The stadium has seen more than $300 million in improvements in the past 7 1/2 years – primarily in upgrades to the club and suite levels and the high-definition scoreboards – but attendance remains disappointing and the low-tech facility doesn’t give Super Bowl bids much punch.

“We’ve got a 25-year-old facility, and it clearly needs some tender loving care,” Dolphins CEO Mike Dee said. “This facility, in its current form, is not going to serve the anchor tenants for the long-term. We’re going to be in a competitive environment with a lot of facilities that have been built in the last 10 years. Clearly, it’s something that’s going to have to be addressed at some point.”

So, to recap: The Dolphins need a new stadium in order to draw more fans, and also to accommodate fewer fans, and also because it’s 25 years old, except for the parts that were just upgraded. Maybe they should go back to complaining that they built the seating bowl all wrong, and won’t someone please fix it for them?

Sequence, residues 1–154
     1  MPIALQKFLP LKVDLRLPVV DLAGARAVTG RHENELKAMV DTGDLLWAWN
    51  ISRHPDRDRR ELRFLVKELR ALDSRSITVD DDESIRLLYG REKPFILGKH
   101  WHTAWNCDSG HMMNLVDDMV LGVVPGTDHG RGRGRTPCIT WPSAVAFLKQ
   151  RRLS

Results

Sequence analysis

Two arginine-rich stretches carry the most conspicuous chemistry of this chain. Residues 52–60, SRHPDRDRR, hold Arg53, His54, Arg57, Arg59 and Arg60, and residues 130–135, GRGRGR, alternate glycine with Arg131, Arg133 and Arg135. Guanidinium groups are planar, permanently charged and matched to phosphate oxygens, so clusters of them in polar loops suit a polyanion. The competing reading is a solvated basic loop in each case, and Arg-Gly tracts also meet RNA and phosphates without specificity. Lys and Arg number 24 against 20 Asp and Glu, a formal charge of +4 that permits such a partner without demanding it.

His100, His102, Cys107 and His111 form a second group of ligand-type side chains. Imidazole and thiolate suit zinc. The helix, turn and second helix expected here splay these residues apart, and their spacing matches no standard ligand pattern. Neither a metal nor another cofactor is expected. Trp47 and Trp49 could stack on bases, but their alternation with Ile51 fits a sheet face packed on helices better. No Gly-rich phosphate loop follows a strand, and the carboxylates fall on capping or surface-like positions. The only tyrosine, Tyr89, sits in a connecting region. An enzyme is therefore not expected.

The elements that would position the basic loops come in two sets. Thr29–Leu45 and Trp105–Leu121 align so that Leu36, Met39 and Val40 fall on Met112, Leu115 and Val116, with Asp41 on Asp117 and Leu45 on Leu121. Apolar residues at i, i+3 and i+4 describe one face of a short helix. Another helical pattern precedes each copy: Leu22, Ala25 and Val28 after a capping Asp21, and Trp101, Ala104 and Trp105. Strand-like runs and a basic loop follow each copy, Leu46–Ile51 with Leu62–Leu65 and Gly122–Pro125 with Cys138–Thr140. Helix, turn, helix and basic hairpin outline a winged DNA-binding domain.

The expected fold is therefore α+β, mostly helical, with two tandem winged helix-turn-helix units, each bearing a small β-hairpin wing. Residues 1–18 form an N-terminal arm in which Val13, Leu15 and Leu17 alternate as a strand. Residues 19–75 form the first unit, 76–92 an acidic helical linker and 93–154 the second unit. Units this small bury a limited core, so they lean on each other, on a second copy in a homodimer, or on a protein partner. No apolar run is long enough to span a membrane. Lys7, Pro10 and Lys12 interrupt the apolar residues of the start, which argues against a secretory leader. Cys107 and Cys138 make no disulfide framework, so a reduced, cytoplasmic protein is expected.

Ottawa gets new CFL team! Cost: $196m and public land

The Ottawa city council has finally voted to approve the Frank Clair Stadium reconstruction plan that has been kicking around in litigation for more than two years, and got its reward: The CFL announced that it plans to give Ottawa an expansion team starting in 2014, bringing football back to Canada’s capital for the first time since 2006, when the Renegades folded thanks to massive disinterest.

The estimated public cost is currently at $196 million, plus the use of public parkland for the housing and retail that developer Ottawa Sports and Entertainment Group is insisting on getting to build if it’s going to redo the stadium. With public money. But at least it’ll have lots of computer-generated trees, ghostly skyscrapers, and lite jazz!

Regina signs MOU to stick public with most of Roughriders stadium cost

The city of Regina has filled in the missing $138 million in its $278 million Saskatchewan Roughriders stadium plan, signing a memorandum of understanding to build the stadium by 2017. The new funding plan: